Two very full sets by the Fools followed, packed with some of the most beautiful of the Strawbs songs. For me, one of the highlights was "Deadly Nightshade", from the Strawbs much overlooked album "Deadlines". Another highlight was "Forever", originally sung by Tony Hooper, who was present in the audience. Apparently he said afterwards that he thought that the Strawberry Fools' version was better than the original. High praise indeed. Most humorous moment happened during "Tell Me What You See In Me". Dave Claridge was playing bongos, (as well as guitar, vocals and ukulele, he also played bass guitar and dulcimer throughout the performances), and had positioned his microphone vertically above his lap to capture the sound. Of course, a few bars into the song, gravity took over and the mic dropped into his groin.

    Photo by Pete Bradley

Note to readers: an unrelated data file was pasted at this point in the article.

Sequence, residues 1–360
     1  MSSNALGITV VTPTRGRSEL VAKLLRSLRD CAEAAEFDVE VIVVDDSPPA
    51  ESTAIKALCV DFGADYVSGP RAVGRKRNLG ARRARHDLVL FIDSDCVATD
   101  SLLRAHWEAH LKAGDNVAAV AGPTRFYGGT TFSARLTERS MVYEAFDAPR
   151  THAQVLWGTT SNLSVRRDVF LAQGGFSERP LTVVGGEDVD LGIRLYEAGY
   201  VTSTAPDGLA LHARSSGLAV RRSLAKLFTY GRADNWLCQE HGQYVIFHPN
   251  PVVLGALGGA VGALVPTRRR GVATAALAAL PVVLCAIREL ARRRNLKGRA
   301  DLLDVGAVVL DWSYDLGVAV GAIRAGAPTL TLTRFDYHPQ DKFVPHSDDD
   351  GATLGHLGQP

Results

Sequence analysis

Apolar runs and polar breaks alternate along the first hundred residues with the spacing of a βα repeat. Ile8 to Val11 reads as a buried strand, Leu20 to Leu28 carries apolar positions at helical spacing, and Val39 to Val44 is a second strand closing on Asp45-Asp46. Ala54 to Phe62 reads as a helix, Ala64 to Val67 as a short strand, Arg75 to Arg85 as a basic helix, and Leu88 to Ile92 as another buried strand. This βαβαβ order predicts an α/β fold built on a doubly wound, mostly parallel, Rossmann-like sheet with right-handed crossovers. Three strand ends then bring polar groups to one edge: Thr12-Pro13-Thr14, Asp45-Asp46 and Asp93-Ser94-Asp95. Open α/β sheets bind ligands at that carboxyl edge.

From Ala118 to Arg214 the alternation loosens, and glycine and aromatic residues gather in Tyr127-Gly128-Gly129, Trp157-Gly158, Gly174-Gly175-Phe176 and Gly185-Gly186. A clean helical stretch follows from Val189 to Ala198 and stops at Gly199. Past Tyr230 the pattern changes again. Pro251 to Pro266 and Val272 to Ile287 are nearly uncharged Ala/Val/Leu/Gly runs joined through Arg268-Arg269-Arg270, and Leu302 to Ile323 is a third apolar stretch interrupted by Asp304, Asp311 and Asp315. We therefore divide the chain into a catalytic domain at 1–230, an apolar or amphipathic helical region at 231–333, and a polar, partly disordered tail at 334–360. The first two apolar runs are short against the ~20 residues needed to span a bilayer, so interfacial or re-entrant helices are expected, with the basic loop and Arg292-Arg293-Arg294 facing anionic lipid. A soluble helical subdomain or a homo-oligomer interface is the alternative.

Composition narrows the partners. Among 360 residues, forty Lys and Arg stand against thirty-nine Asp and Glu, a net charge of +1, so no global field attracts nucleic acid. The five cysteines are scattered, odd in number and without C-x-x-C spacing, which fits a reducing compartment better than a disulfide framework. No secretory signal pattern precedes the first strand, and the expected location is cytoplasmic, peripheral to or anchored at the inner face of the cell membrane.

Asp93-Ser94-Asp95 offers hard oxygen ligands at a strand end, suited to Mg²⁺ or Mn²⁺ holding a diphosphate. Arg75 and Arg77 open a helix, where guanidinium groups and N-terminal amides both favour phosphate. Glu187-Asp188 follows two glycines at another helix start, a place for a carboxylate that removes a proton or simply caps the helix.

The Hythe Centre at Staines is a fairly new, purpose built entertainment centre with two function rooms. The room we were in was extremely well lit, and had very good acoustics. I don't think the room is very well sound-proofed though as we could hear a plane fly overhead at one point, but as far as I know, the neighbours don't complain. Not with music this good, anyway. The first set at Staines opened with four songs by the acoustic duo Wychwood, whose name presumably was derived from the Strawbs' album "From The Witchwood". Amongst their set were two Strawbs songs: a fairly recent song by Dave Lambert called "Cold Steel" and an old Sandy Denny song, "Who Knows Where The Time Goes". Wychwood are Kevin West (who played a solo set at Aldermaston) and Lyndsay Hemphill (currently five months pregnant so excused from not playing at Aldermaston). They also played two of their own compositions, one whose title I didn't catch, and one called, "Icons And Imagery".